MEDFORD, Ore. — Recent shootings across the U.S. have put gun control on the forefront of a national debate but these tragedies highlight a deeper issue that’s also being thrust into the spotlight.
Millions of people, children, professionals, the homeless, many truggle everyday to keep their life normal. One woman NewsWatch12’s Sharon Ko spoke with didn’t live with mental illness her entire life, a series of events in her life brought it on.
Debbie Garoote starts most of her days off the same way. Routine is key for Debbie because she suffers from schizoaffective disorder; living with someone else in her mind everyday.
“A combination between schizophrenia, which most people are familiar with, and bi-polar disorder. You kind of have symptoms of both of them,” Debbie explained. “Mine was voices that brought it to the schizophrenia disorder and bi-polar, I get really high mania to the point of psychotic.”
Debbie didn’t live with mental illness all her life.
“When I was in the service, I was assaulted in my barracks room by a fellow soldier and it kind of pushed me over the edge,” Debbie said.
The Veteran’s Administration supports Debbie with counseling and treatment.
“I have a few triggers, but I know what they are now and i can manage them pretty well,” said Debbie.
“We are so thankful that she gets help through the Veteran Administration,” said Debbie’s mother, Pat. “Because if that was not the case, I feel my daughter and I would probably be under the bridge, and probably homeless because the medicine costs so much. There is no way we could financially pay for that […] She is such an example of with the correct help, and she always didn’t get the correct help but where someone with mental illness, can progress and go on with their life.”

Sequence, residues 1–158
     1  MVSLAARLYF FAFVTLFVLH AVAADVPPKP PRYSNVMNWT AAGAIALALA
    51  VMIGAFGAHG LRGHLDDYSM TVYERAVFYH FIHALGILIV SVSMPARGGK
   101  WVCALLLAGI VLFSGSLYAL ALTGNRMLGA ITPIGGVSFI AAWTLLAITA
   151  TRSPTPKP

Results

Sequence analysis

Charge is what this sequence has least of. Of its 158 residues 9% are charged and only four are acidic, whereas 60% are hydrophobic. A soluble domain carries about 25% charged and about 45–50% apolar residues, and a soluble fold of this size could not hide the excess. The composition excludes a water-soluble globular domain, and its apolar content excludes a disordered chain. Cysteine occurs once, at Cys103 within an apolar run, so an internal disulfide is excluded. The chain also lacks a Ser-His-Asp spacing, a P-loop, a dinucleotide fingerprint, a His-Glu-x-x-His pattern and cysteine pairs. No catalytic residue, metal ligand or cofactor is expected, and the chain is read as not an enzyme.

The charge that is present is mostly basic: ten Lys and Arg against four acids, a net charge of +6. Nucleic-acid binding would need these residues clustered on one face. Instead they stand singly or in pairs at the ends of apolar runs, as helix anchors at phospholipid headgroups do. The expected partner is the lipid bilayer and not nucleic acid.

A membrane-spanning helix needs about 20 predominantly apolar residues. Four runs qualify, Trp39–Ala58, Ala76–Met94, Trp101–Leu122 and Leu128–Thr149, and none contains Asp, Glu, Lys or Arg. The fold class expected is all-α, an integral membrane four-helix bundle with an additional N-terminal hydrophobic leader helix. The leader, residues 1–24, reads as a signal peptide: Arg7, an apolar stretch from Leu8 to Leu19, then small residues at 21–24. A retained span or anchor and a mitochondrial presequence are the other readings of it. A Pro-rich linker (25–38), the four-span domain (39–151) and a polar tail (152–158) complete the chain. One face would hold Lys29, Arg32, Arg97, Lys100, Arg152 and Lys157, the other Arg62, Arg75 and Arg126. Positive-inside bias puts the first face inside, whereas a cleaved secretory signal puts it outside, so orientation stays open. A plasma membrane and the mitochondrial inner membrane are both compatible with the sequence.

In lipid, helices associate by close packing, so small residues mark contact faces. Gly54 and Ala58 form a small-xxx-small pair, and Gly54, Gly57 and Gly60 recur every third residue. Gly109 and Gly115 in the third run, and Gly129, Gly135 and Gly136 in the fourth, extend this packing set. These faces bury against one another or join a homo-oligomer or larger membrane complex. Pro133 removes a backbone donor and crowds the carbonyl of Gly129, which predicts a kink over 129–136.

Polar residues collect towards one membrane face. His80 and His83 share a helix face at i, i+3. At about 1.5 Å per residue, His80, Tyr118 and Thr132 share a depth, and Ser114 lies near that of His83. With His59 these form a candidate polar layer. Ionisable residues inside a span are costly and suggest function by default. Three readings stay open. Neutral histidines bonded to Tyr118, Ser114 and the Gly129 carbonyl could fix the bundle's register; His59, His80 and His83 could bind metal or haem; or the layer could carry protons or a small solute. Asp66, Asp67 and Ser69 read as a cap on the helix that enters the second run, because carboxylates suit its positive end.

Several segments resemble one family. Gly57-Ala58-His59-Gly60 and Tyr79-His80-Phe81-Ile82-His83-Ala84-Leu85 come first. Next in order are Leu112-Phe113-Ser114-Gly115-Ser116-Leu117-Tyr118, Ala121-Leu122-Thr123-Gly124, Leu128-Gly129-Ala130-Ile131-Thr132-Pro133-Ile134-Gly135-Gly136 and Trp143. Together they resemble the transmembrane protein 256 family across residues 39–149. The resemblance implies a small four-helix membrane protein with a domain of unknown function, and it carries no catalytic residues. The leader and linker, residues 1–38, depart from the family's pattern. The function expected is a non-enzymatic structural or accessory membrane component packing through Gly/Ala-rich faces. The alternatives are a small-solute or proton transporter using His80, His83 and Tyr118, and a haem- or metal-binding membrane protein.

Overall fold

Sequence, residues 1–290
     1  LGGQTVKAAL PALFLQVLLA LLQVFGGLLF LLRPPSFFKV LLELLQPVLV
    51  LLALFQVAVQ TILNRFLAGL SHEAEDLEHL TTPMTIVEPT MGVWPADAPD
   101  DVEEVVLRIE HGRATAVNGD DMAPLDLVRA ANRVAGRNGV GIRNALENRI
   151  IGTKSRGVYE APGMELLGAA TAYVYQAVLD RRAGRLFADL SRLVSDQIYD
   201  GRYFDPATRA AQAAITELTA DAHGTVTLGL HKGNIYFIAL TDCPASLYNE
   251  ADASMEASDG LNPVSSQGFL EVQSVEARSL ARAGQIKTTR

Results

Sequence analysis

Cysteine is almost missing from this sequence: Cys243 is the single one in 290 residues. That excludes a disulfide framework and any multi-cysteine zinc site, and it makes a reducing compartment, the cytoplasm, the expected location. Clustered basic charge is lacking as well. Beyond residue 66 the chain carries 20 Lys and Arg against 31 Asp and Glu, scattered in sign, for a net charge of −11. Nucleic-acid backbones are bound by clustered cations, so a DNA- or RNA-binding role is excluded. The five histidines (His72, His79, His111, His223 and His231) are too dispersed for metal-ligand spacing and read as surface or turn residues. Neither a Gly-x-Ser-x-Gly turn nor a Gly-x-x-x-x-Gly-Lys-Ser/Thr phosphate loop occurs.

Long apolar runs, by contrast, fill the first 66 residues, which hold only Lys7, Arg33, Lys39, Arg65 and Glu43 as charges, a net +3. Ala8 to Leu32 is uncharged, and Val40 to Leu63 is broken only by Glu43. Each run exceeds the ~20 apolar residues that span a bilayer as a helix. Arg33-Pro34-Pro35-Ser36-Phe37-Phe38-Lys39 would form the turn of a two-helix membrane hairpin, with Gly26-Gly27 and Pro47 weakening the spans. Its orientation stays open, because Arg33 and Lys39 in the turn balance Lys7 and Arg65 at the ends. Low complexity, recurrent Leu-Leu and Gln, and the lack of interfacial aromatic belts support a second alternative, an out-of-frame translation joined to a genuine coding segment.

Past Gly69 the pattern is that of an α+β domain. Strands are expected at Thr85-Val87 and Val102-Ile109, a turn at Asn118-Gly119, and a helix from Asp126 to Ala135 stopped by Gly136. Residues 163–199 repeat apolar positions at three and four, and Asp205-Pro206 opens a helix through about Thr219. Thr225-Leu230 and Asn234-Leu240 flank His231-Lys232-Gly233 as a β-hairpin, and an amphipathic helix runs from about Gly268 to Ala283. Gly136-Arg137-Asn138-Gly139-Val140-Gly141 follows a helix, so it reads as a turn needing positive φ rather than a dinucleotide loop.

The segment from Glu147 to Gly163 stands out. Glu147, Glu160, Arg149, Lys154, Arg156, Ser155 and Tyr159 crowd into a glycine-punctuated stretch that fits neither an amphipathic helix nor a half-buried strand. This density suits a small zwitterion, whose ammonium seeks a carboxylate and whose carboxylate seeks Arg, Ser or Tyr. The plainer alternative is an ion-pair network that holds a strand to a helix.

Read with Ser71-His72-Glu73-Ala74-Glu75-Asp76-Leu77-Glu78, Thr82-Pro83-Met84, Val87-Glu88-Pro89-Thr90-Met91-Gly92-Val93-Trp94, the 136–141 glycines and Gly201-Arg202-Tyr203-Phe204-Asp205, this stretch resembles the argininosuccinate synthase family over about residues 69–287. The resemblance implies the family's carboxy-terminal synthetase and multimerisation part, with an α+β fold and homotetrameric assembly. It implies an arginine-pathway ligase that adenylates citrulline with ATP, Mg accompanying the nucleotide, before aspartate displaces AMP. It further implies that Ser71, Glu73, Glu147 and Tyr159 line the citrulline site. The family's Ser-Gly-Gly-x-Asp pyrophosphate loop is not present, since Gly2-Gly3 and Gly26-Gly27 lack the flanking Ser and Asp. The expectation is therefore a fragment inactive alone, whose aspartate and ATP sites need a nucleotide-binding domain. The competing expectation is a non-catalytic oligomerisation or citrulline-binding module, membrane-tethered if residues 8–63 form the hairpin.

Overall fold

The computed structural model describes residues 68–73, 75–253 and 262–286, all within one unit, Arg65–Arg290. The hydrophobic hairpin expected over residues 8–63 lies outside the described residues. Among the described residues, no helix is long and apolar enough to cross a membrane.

Debbie’s mother, as the President of the National Alliance On Mental Illness’ Southern Oregon Chapter, sees firsthand how many people are unable to get the help they desperately need.
“Very little options,” stated Pat. “They might be able to go to Jackson County Mental Health, if they’re on the Oregon Health Plan, or options for Southern Oregon in Josephine County if they’re on the Oregon Health Plan. If they’re not, they’re falling through the cracks.”
Pat Garoote receives numerous calls at her home. People need help for their loved ones and can’t get the proper care.
“I call it the vicious cycle,” said Pat. “People are picked up on the street, and brought to the emergency room. By the hospitals, by the police department, and they are seen and they are let go, and there is no place for them to go to get help in the future and some of them need that, some of them will need it longer than others, but there is no place for them to go.”
Stay with NewsWatch 12, for Part Two of Mental Health: Critical Care Wednesdayat 6:30 p.m. We’ll take a look at mental health from a law enforcement’s standpoint. Also, what services lack for the mentally ill in Oregon.